SLUMDOG MILLIONAIRE Telluride Movie Review

     August 31, 2008

Written by Hunter M. Daniels

So now we reach the big guns…


How much money is your first kiss worth? How much for the life of your mother? Your eyesight? Would you clip a car battery to your feet for 20 million dollars? Danny Boyle’s Slumdog Millionaire asks all these questions and more.

The film, which is a sort of non-linear romantic adventure, details the life and times of Jamal, a boy born into the poorest parts of India. With the help of his brother he survives the slums, along the way unbelievable, horrific and magical things happen to him. As an adult, he competes on the Hindi version of “Who Want’s to be a Millionaire?” Shockingly, every ounce of suffering he has ever experienced comes back as the answer to each trivia question.

Slumdog Millionaire is not a terribly deep film. Still, it is exceedingly good at what it does. The film transcends the goofy story concept and grows into a gripping piece of magical realism that is reminiscent of Gabriel Garcia Marquez.

The movie was shot on location in some of the poorest parts of the world and cinematographer Anthony Dod Mantle makes good use of the unique location. There is so much vitality and life in the film. every shot is stuffed with detail and nuance. If the film had been made on a back lot, the sets alone could have cost 40-50 million. As it stands, the film was shot for a fraction of that.

The film is grounded by a series of virtuoso performances from child actors. Some truly horrific and outrageous things happen during the first third of the movie but the children’s performances never waver, granting the film the gravitas needed for the narrative to function.

The movie is also deliriously romantic. The final third of the movie played me like a piano. My heart palpitated in my chest as the young lovers fought for their chance at happiness. Think City of God with a large dose of date movie material injected into it and you might begin to get the idea. And, like many Boyle movies, the whole is much greater than the sum of its parts. Many of the concepts and ideas are sort of half baked on their own, but juxtaposed against one another, the film turns electric. Boyle finds magic in the cracks in the sidewalk. The action is tense. The humor is effective. The magic is delightfully whimsical. And this is a screen romance for the ages. And even though the ending is pretty much what you’d expect, it feels earned because of the epic struggle of the lovers. There is such a rhythmic fury to it all that you will barely even notice that half the film is subtitled.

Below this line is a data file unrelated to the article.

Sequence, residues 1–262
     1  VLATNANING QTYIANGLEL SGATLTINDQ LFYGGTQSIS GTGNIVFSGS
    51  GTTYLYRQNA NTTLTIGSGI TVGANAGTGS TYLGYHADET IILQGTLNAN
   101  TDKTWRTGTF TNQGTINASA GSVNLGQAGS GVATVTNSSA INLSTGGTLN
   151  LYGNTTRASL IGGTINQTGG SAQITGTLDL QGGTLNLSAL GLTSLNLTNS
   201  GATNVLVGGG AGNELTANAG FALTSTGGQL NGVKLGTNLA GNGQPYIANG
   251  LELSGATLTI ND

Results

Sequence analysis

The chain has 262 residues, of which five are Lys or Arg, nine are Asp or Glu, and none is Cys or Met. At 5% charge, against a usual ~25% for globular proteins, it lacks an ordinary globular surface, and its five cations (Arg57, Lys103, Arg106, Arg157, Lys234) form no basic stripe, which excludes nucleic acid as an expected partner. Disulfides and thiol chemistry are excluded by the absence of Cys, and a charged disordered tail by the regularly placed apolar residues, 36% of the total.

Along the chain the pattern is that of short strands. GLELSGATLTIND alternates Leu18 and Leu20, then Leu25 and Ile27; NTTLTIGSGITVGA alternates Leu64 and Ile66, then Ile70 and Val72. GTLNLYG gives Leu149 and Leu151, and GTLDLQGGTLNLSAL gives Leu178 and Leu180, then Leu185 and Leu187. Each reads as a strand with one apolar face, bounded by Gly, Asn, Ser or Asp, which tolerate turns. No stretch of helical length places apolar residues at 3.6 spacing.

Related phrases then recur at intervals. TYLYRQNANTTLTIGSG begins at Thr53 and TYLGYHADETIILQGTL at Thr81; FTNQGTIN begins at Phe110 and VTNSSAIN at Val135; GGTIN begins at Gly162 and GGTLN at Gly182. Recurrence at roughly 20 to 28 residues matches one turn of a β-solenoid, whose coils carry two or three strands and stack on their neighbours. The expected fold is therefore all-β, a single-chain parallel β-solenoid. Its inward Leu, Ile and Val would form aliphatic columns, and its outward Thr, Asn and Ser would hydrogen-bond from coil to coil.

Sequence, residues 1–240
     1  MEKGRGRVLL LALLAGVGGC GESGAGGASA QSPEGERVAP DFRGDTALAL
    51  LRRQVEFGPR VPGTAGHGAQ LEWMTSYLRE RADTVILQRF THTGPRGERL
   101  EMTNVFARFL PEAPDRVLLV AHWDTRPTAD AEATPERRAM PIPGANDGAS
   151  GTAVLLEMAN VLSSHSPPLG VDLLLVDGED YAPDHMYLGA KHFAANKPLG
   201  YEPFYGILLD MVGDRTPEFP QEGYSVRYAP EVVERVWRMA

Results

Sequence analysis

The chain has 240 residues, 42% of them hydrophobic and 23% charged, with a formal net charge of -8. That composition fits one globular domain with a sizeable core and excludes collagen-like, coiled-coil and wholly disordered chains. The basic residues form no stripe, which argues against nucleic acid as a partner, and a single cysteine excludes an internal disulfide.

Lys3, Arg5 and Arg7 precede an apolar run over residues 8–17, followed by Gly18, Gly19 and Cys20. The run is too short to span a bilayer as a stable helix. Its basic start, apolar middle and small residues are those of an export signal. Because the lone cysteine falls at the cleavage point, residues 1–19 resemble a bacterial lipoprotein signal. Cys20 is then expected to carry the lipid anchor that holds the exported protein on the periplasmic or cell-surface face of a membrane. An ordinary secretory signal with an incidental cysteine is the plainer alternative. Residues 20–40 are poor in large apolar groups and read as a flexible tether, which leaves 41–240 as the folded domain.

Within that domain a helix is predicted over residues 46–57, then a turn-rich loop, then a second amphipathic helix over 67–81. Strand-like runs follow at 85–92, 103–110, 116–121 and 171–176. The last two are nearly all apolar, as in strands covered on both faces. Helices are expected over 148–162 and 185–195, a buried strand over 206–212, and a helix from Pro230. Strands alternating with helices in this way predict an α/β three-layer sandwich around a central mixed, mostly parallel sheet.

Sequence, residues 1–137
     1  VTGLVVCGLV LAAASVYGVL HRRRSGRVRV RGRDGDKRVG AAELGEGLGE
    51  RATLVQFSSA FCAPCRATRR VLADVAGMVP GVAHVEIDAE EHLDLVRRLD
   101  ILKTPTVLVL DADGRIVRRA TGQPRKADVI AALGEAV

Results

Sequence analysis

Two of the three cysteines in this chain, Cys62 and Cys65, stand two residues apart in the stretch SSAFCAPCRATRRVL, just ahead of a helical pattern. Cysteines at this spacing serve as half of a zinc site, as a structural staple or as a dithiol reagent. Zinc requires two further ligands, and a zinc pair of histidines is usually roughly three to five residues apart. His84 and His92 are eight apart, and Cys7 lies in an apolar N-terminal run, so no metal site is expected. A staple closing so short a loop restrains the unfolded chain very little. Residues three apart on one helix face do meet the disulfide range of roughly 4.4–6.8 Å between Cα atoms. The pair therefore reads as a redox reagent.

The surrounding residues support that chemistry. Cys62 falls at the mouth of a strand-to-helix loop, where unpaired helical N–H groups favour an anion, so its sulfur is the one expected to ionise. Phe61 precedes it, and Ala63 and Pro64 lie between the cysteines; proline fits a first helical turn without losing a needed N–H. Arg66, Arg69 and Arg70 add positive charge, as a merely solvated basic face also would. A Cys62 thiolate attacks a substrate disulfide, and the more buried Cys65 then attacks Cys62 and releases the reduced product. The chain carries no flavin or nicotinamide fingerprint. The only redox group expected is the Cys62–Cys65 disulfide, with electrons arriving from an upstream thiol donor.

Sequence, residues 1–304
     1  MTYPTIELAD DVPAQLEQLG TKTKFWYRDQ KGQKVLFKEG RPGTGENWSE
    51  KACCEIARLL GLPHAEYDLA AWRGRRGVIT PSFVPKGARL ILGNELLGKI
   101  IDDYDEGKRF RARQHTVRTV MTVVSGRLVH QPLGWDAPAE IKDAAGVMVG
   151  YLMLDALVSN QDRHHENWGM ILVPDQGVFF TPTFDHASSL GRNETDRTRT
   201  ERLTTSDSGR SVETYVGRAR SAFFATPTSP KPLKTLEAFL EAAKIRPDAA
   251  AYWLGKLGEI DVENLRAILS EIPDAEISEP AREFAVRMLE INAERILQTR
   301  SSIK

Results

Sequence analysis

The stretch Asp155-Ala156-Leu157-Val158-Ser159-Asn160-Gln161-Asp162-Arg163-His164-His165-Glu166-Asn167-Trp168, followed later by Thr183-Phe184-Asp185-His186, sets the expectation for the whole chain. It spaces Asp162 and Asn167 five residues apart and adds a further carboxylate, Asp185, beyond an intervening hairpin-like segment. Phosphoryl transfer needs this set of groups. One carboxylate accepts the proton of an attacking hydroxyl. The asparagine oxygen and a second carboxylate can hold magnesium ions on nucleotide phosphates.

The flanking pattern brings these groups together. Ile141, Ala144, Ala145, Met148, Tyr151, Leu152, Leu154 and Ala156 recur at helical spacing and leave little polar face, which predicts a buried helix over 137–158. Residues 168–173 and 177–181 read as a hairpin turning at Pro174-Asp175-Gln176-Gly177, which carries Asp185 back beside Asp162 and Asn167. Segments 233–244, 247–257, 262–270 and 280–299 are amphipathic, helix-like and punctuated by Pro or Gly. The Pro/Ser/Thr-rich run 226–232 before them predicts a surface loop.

This is the nicer, kinder Danny Boyle of Millions, not the snarling cynic of Shallow Grave. Instead of the usual indie film existentialism, there is an unabashed embrace of the classic Hollywood style. Everything comes back and everything ties together. The concept of order in an absurd world is a very comforting idea in these trying times. It’s tremendously encouraging to think that every broken bone and smashed dream can come back to save your life someday.

This is why I go to movies. It ranks amongst Boyle’s best. I can’t wait to see it again.

With Fox Searchlight backing the film, don’t be surprised if you see it up for some major awards* come February.

*Foreign film, adapted screenplay and cinematography are all possibilities in my mind.

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